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The stardom of Catherine Deneuve
Editors: Lisa Downing and Sue Harris

Few screen icons have provoked as much commentary, speculation and adulation as the 'she' of this plaudit, Catherine Deneuve. This book begins with a brief overview of Deneuve's career, followed by a critical survey of the field of theoretical star studies, highlighting its potential and limitations for European, and particularly French, film scholarship. It argues the need for the single-star case study as a model for understanding the multiple signifying elements of transnational stardom. Her first role, at the age of 13, was a brief appearance as a schoolgirl in André Hunebelle's Collégiennes/The Twilight Girls. It was in 1965 that Roman Polanski would cast Catherine Deneuve in Repulsion, described by one critic as a 'one-woman show' in a role that would effectively create a persona which would resonate throughout her future film career. The darker shades of the Deneuve persona are in even greater evidence in Tristana. Demy's Donkey Skin is arguably an equal source of the tale's iconic status in France today, and largely because of Deneuve. The book also investigates films of the 1970s; their role in shaping her star persona and the ways in which they position Deneuve in relation to French political culture. The book considers exactly why directors gravitate towards Deneuve when trying to evoke or represent forms of female homosexual activity on film, and to consider exactly what such directors actually make Deneuve do and mean once they have her performing these particular forms of lesbian relation.

1920s and 1930s, emphasised masculinity and a propensity for physical activity as indicators of lesbianism and implied a link between sexual and gender identity. Edward Carpenter’s notion of a third sex was in part prompted by observation of an increasingly masculine temperament in some women, while both Havelock Ellis and Stella Browne incorporated ideas of gender inversion into their notions of sexual inversion. Doan and Waters claim, ‘While Ellis sometimes challenged the equation of effeminacy and male homosexuality, he was by and large committed to the belief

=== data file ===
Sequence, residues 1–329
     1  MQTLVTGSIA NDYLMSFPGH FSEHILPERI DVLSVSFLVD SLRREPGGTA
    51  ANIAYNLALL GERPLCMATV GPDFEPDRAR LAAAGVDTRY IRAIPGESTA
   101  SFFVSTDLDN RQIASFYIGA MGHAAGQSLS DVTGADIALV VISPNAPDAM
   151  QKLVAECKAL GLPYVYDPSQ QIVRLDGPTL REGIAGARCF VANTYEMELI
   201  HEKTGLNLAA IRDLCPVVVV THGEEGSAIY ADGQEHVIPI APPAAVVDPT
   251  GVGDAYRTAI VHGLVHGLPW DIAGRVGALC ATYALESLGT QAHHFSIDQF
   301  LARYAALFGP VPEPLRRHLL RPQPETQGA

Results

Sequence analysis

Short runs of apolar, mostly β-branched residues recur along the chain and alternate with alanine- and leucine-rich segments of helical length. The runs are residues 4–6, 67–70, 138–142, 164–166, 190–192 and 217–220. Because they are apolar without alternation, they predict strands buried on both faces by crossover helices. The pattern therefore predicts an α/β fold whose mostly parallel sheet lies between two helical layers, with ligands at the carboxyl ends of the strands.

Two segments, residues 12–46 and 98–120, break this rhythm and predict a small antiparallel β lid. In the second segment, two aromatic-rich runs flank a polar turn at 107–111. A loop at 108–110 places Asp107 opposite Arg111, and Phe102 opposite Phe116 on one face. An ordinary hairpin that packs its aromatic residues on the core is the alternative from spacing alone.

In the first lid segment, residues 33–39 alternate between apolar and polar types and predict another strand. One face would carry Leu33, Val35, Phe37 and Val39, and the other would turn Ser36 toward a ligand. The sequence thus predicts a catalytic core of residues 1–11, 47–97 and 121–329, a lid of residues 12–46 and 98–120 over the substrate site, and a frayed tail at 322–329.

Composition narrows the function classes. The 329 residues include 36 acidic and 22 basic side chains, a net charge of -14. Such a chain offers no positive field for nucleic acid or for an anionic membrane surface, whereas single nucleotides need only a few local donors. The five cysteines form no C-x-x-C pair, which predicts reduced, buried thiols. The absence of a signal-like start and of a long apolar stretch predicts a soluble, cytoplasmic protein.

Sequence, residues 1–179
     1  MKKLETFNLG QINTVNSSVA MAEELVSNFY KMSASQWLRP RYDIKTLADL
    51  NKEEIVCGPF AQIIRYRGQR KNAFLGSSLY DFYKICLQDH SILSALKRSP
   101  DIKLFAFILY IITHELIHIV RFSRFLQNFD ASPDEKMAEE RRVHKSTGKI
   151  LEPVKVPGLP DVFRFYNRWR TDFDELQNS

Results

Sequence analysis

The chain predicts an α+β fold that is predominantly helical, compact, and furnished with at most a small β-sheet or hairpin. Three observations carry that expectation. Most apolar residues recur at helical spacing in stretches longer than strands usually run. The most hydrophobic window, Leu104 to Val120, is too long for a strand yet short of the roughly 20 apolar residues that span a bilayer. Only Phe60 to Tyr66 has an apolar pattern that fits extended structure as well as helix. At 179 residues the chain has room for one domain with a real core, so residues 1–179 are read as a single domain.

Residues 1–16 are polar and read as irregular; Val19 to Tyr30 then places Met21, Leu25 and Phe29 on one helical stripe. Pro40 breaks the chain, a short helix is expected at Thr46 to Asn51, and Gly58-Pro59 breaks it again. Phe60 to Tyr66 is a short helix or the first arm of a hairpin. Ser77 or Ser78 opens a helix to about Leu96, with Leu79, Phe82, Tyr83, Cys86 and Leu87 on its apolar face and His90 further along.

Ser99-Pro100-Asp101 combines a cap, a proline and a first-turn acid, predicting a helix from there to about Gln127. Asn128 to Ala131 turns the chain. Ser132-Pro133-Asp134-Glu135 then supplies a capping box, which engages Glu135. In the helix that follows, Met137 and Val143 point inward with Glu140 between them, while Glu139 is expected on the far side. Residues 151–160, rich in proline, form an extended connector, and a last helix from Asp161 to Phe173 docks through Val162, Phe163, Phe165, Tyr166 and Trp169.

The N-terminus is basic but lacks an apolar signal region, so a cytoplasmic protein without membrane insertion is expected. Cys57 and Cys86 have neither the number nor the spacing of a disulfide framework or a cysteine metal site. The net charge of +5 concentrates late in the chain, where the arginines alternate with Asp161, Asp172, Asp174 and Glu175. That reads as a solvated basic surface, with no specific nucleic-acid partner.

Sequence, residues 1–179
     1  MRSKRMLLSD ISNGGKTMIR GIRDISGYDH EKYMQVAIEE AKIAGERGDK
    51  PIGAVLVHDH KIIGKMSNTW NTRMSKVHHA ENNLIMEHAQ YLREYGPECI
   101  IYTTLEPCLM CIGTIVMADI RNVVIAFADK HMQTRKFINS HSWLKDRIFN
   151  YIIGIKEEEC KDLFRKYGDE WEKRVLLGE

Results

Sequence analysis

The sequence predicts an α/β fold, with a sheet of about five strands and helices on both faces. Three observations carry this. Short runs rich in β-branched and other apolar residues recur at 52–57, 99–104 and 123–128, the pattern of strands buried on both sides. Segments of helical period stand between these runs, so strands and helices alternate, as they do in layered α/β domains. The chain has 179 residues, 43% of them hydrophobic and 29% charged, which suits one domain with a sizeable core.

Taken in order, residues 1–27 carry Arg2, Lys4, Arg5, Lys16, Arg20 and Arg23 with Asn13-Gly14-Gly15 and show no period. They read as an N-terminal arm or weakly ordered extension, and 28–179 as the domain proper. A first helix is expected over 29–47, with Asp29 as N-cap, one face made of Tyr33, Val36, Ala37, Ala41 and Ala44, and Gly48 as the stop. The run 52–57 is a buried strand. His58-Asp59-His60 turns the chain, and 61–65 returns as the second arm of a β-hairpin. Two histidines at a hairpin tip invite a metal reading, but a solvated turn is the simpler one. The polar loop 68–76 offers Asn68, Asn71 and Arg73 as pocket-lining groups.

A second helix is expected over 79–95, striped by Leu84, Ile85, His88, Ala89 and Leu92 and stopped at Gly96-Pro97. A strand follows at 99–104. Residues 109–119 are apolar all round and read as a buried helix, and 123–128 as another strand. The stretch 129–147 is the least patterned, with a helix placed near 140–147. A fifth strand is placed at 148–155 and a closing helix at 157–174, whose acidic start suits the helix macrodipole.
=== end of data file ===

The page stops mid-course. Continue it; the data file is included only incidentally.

in Tomboys and bachelor girls
Explicit sex in recent French fiction and film

This book examines that body of recent French literary and cinematic productions which have been characterised by their reference to, use of, or complicity with the aesthetics, the codes, the tropes or the world of pornography, and which have made a significant cultural impact on the basis of this dimension. It considers the insistent heterosexuality of most contemporary pornographic citation, exploring a range of texts and films, and taking in the female perspective on the male and the male perspective on the female. The book discusses the work of Guillaume Dustan and Erik Remes, whose explicit representations of sexual activity intervene into debates about the place of gay and queer identities in contemporary France, particularly with reference to sexual practice in the light of the AIDS epidemic. The book explores the conflicted sexual space, considering the perspectives of men and women in turn, starting somewhat unconventionally with women's art. It addresses Catherine Breillat's work in terms of its relation to the pornographic. The book also explains that the homophobic dismissal of homosexuality, and its defiant, resistant assertion, sometimes rely on the figure of anality as a kind of shorthand for their arguments about the relationship between desire, productivity, anatomy, futurity, community, and so on. Michel Houellebecq's treatment of questions of gender, most especially the portrayal of women, including the discourses of misogyny and anti-feminism, is discussed. The book also looks at the concept of child pornography, romantic comedy, and the growing impact of independent cinema.

pathological and not from the practical point of view. They give cases of abnormal persons, tracing their lives from childhood, but they do not show these people in relation to the rest of mankind, they do not expose their organised activities in a modern city’.8 Croft began to map the urban ‘organised activities’ of London’s homosexual underground, but few followed in his footsteps. Even in the United States prior to 1945 there was little writing in the sociology of sex, according to Edward Sagarin, the 1950s American sociologist and homophile The homosexual as a social